With a record 922 registrants, NCBA CLUSA’s 2020 Cooperative IMPACT Conference provided an unparalleled platform to reenergize the cooperative movement and galvanize its champions around building a diverse, equitable and inclusive economy. That theme linked three tracks, more than 40 sessions and 125 speakers across five days of programming that inspired learning and action.
On Monday, IMPACT attendees got an exclusive first look at a new report from the Urban Institute on policy strategies designed to jumpstart cooperative development and expansion to address contemporary issues—in particular, to enhance the work of co-ops that address economic and racial disparities in the U.S. The Urban Institute’s Brett Theodos urged attendees to “tell a new story,” one that “contextualizes co-ops within the current political environment.”
On Tuesday, participants heard an inspiring keynote from Thaleon Tremain, CEO of Pachamama Coffee Cooperative, the first direct-to-consumer coffee roaster in North America wholly owned and governed by thousands of smallholder farmers in African and Latin America, connecting coffee producers directly to end consumers. “We get to decide which version of the future we want to support,” Tremain said in regard to the choices consumers make when buying products like coffee.
During a live keynote on Wednesday, co-op professor and historian Jessica Gordon-Nembhard dispelled the notion that “co-ops can’t be racist,” noting that the movement’s fundamental grounding in open membership and democratic member control are not enough to offset the cumulative effects of structural and institutional racism—particularly in the U.S.
“It’s not good enough to be diverse; it’s not even good enough to be inclusive. We need to deliberately promote and practice racial equity.” – Jessica Gordon-Nembhard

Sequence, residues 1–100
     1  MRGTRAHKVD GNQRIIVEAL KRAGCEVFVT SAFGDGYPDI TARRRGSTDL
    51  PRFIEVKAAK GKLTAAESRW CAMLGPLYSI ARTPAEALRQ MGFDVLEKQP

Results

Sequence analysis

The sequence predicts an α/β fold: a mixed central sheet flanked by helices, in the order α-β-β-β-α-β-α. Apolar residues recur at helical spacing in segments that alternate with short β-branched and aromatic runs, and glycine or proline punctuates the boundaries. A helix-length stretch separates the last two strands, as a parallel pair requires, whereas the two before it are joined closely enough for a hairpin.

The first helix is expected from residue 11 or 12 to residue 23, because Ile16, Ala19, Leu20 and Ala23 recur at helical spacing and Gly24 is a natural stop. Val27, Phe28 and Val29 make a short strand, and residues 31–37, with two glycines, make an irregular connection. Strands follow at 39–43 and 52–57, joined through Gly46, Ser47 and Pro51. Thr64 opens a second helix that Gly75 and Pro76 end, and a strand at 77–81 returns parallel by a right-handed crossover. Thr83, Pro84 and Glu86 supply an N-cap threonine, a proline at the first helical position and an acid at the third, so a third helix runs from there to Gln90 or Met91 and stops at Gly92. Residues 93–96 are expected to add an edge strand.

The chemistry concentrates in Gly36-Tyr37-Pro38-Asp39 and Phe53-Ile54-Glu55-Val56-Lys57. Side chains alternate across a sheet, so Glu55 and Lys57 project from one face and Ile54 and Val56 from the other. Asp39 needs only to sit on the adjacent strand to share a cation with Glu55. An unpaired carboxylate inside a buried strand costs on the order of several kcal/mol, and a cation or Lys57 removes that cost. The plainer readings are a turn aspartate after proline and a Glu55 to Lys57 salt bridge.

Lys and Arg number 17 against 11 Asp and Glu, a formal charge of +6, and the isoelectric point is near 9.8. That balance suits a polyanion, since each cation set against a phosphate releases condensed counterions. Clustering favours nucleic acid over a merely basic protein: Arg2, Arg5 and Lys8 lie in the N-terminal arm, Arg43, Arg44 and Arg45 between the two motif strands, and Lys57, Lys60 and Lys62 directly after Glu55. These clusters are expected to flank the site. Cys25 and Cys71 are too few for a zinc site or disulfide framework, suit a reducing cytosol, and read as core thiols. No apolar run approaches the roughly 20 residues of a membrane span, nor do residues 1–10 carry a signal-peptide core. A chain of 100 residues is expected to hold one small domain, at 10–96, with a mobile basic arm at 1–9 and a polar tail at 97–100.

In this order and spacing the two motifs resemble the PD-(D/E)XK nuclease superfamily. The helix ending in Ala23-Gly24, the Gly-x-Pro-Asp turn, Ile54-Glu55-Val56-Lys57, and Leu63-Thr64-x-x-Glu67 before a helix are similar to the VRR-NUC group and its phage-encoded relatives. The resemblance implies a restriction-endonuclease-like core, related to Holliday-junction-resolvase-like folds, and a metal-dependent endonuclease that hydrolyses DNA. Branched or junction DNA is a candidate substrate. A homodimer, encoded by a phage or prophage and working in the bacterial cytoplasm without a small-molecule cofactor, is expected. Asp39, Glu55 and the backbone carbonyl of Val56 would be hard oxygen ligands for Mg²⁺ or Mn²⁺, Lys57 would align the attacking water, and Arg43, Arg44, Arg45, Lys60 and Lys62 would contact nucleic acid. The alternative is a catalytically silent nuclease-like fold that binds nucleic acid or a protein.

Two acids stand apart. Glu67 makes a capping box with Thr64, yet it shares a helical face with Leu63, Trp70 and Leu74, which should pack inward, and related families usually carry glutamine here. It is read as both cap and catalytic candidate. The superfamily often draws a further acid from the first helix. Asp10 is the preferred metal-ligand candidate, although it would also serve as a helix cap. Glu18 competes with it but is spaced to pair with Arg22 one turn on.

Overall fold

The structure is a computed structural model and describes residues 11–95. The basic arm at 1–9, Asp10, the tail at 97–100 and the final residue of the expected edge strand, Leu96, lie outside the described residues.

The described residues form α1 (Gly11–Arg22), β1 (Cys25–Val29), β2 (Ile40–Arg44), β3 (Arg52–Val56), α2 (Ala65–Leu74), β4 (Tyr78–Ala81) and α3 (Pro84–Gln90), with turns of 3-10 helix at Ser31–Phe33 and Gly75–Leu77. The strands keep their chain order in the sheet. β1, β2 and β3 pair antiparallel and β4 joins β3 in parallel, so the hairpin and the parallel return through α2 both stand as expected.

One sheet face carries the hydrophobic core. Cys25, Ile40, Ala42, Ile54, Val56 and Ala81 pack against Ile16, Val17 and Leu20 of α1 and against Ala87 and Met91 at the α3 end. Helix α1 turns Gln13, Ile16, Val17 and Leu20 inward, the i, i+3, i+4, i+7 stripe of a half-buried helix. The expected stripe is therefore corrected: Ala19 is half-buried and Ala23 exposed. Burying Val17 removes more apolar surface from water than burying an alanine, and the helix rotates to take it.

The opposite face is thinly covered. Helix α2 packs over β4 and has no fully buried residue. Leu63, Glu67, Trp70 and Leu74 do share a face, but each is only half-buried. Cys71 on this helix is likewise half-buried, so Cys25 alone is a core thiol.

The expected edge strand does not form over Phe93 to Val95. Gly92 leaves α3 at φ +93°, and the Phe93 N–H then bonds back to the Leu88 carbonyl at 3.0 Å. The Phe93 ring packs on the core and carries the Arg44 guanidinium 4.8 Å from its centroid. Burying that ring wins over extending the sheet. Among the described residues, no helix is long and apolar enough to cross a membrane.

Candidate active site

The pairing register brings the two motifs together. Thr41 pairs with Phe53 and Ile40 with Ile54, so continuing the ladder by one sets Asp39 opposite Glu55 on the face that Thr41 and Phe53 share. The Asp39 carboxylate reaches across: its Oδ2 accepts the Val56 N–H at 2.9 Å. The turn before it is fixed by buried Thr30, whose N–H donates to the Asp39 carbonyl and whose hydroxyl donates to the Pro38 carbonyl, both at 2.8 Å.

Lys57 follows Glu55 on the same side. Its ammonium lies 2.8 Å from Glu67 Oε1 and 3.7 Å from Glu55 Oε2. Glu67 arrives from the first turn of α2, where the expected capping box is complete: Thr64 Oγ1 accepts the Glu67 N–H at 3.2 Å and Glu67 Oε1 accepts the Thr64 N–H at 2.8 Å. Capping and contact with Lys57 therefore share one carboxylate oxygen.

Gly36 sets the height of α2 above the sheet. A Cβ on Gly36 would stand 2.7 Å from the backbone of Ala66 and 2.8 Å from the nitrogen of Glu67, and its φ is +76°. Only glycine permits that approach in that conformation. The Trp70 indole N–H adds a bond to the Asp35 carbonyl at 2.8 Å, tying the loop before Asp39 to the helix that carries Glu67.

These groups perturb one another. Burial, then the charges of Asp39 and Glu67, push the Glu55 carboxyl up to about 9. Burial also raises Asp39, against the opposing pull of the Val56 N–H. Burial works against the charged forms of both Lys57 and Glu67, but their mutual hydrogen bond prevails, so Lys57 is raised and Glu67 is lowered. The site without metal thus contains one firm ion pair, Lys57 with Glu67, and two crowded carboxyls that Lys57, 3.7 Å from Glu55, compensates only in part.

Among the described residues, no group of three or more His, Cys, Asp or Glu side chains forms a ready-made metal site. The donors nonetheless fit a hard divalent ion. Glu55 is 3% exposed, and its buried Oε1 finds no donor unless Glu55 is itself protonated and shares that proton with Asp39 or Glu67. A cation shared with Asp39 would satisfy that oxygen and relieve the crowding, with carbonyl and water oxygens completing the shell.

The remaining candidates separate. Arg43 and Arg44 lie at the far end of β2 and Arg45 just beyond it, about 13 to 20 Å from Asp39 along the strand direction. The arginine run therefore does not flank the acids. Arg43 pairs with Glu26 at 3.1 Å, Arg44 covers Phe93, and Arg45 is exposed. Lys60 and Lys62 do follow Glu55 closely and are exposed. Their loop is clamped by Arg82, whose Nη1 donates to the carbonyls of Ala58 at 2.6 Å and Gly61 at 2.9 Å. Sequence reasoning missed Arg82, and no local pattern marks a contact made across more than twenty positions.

“It’s not good enough to be diverse; it’s not even good enough to be inclusive. We need to deliberately promote and practice racial equity,” said Gordon-Nembhard, who teaches Community Justice and Social Economic Development in the Department of Africana Studies at John Jay College of Criminal Justice.
She unpacked the ways in which racism can manifest in co-ops—whether in overt or, more likely, invisible and unintentional ways—and the path forward. One critical element is incorporating the Black cooperative history of survival, resistance and prosperity into the broader co-op story, she said.
Gordon-Nembhard’s keynote was followed by an interactive town hall and panel discussion led by National Cooperative Bank‘s John Holdsclaw IV on how co-ops can begin to take concrete steps toward a more diverse, equitable and inclusive economy.
On Thursday, Congresswoman Nydia Velázquez (D-NY) accepted NCBA CLUSA’s 2020 Cooperative IMPACT Champion Award, noting that despite the challenges of COVID-19, the crisis has “showcased the power of the cooperative model” as co-ops demonstrate their resilience and ability to adapt and innovate to meet their communities’ changing needs.
Also on Thursday, this year’s International IMPACT Track kicked off with a keynote from Harvard Business Professor Rebecca Henderson and representation from close to 50 countries.“[Cooperatives] show millions of other firms around the world that there is a different way to run firms—a better way,” Henderson said.
IMPACT 2020 sessions are available on demand to conference registrants throughout the month of October. If you missed a session, just log back in and catch up! And share our registration page with your networks. Registration for the Cooperative IMPACT Conference will remain open throughout the end of the month at a reduced rate. New registrants get full access to all conference programming.